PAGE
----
Antimicrobial stewardship by Australian community pharmacists: Uptake, collaboration, challenges, and needs

Sajal K. Saha, David C.M. Kong, Karin Thursky, Danielle Mazza

Research output: Contribution to journalArticlepeer-review


Objective: To assess community pharmacists’ (CPs’) awareness and uptake of evidence-based antimicrobial stewardship (AMS) strategies, attitudes toward collaboration with general practitioners (GPs), and needs to improve AMS practices. Methods: A nationwide survey of randomly sampled community pharmacies across Australia was conducted in April-October 2019. Results: The response rate of CPs was 30.7% (613 of 2000) and 592 participating CPs (96.5%) described the key barriers to and facilitators of improving AMS. CPs (447 of 613, 72.9%) were familiar with AMS but felt that they would require training (468 of 612, 76.5%) and access to AMS practice guidelines (566 of 605, 93.6%). Respondents perceived that AMS programs could reduce the inappropriate use of antimicrobials (409 of 612, 66.8%) and the costs of treating infection (508 of 612, 83.0%). CPs often counseled patients (591 of 609, 97.0%) and reviewed drug interactions or allergies (569 of 607, 93.8%) before dispensing antimicrobials. Respondents less often used the national Therapeutic Guidelines: Antibiotic (274 of 602, 45.5%) or assessed guideline-compliance of prescribed antimicrobials (231 of 609, 37.9%). CPs were less likely to communicate with GPs (254 of 609, 41.8%) when an antimicrobial prescription was believed to be suboptimal and perceived that GPs are not receptive to their intervention regarding the antimicrobial choice (500 of 606, 82.6%) and dosage (416 of 606, 68.6%). Point-of-care tests (114 of 596, 19.1%) and patient information leaflets (149 of 608, 24.5%) were used uncommonly. Most respondents supported policies that could foster GP-pharmacist collaboration (560 of 606, 92.4%), limit accessibility of selected antimicrobials (420 of 604, 74.4%), and reduce repeat-dispensing of antimicrobial prescriptions (448 of 604, 74.2%). CPs faced interpersonal, interactional, structural, and resource-level barriers to collaborate with GPs for practicing AMS. Conclusions: CPs are aware of the importance of sensible use of antimicrobials but have had limited training and resources to conduct AMS activities. Improving GPs’ receptiveness and system structures for increased GP-CP collaboration seem to be a priority to accelerate CP-led AMS implementation. Further study is required to understand the views of stakeholders about the feasibility of implementing evidence-based GP-CP collaborative AMS approaches.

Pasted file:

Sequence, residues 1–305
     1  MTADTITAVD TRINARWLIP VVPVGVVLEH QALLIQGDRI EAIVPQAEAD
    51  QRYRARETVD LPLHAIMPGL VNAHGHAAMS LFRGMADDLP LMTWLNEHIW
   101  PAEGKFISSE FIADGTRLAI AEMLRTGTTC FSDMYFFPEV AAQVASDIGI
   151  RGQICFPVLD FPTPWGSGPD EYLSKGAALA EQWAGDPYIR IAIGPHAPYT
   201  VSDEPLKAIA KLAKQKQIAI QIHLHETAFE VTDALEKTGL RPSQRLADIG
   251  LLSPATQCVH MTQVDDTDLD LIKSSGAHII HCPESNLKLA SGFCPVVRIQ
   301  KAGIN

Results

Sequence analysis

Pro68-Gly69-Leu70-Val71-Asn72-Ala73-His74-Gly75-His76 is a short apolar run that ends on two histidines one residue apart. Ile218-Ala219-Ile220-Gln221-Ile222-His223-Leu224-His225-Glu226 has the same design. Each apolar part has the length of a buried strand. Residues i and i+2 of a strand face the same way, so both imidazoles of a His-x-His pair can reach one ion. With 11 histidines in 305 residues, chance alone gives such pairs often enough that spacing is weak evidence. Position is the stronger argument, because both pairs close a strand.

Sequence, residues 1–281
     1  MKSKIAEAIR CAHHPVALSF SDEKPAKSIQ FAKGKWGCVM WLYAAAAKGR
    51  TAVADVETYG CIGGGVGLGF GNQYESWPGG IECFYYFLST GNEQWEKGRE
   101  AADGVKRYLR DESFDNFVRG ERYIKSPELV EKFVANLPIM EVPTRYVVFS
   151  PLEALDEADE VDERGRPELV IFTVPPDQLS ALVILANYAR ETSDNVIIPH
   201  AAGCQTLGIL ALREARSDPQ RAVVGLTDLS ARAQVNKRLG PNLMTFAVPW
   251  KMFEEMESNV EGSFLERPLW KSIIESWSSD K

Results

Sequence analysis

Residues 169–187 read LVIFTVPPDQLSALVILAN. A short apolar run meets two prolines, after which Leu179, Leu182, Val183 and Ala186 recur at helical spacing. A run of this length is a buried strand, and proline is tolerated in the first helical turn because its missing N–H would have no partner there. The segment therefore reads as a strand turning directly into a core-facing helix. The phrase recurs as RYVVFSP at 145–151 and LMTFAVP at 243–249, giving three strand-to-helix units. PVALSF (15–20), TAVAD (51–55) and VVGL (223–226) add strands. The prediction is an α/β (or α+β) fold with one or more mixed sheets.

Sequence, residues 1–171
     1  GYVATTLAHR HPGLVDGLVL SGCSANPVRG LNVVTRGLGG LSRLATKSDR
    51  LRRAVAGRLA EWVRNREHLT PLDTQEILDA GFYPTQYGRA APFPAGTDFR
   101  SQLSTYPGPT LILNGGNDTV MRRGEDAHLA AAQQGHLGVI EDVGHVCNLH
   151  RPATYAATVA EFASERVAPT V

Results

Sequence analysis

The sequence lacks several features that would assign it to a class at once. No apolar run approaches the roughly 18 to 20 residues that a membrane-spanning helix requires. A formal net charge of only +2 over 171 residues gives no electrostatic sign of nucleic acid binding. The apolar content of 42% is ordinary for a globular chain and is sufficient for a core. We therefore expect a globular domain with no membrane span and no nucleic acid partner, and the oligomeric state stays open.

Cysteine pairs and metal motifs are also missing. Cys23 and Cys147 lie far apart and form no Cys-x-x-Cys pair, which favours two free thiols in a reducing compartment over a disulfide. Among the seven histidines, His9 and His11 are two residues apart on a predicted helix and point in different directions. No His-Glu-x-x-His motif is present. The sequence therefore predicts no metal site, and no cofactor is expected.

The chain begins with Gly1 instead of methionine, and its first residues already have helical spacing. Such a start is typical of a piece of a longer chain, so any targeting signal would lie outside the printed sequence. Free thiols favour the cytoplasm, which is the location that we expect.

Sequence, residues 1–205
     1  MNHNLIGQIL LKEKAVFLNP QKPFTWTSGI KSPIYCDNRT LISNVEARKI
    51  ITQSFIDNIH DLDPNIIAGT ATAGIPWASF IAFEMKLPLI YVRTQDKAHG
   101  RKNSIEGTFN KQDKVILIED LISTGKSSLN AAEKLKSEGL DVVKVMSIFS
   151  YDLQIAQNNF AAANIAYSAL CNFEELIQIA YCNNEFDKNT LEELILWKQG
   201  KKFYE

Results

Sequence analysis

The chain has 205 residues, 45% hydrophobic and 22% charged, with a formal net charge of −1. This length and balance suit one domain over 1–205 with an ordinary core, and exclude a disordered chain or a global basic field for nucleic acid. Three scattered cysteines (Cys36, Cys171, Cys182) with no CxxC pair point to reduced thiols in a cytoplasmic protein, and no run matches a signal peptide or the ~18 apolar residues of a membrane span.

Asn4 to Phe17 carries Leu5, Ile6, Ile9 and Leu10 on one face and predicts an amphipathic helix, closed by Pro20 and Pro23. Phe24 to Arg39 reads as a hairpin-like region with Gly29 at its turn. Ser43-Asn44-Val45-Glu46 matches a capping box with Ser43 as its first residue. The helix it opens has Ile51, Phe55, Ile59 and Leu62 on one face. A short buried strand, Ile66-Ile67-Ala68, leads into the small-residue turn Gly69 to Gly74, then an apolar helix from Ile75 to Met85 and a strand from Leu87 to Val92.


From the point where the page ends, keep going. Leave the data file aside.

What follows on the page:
Original languageEnglish
Pages (from-to)158-168
Number of pages11
JournalJournal of the American Pharmacists Association
Issue number2
Publication statusPublished - 1 Mar 2021
Externally publishedYes


Dive into the research topics of 'Antimicrobial stewardship by Australian community pharmacists: Uptake, collaboration, challenges, and needs'. Together they form a unique fingerprint.

Cite this